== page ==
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Laryngoscope. 2008 Aug;118(8):1350-6. doi: 10.1097/MLG.0b013e318172ef9a.

Impact of second primary tumors on survival in head and neck cancer: an analysis of 2,063 cases.

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Department of Otolaryngology, Head and Neck Surgery, Rikshospitalet Medical Centre, Oslo, Norway.



To investigate the impact of second primary tumors on prognosis for patients with head and neck squamous cell carcinoma (HNSCC).


Prospectively recorded data on HNSCC patients treated at an academic tertiary referral center.


An analysis of 2,063 patients treated over a 15 year period for tumors of the upper aerodigestive tract, with a minimum follow-up of 10 years.


A total of 351 (17%) patients developed a second primary, mean time to diagnosis of the second tumor being more than 4 years from the date of the initial tumor. Median overall survival from the date of the first tumor among patients who later developed a second primary was 6 years versus 3 years among all other patients (P < .05). During the first 6 years after treatment of the initial tumor, cancer specific survival was better in the second primary group. After diagnosis of a second primary tumor, median survival was 12 months. A positive correlation was found between second primaries and stage I/II primary disease, low patient age, and initial tumors of the larynx and oral cavity.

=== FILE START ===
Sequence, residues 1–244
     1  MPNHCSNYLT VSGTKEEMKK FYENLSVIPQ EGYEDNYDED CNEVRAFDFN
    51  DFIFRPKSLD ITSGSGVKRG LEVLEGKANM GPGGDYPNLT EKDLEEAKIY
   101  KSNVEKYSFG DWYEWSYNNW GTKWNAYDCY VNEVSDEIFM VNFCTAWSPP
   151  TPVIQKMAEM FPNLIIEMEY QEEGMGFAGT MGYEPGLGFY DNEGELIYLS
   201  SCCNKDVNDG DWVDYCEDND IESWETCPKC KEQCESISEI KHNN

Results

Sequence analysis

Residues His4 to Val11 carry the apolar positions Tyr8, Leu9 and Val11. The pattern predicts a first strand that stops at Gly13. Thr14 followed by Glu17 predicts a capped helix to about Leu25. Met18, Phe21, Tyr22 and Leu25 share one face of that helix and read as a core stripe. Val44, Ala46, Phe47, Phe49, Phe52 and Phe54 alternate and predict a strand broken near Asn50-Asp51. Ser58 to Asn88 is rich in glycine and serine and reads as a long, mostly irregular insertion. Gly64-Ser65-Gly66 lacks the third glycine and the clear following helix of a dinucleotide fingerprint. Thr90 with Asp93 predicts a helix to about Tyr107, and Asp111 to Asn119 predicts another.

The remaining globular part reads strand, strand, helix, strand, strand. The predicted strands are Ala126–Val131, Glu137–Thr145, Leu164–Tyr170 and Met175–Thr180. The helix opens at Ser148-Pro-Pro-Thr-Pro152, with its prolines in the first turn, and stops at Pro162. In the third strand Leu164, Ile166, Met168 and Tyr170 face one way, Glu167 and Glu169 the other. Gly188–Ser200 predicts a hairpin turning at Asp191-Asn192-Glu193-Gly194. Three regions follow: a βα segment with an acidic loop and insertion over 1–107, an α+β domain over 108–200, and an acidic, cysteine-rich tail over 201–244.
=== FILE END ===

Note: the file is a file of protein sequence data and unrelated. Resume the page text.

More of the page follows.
The group of patients with the highest risk of a second primary tumor was younger patients with limited initial tumors. A high proportion of patients who later developed a second primary were complete responders after treatment of the first tumor. However, prognosis was poor after the actual diagnosis of the second primary tumor.

[Indexed for MEDLINE]

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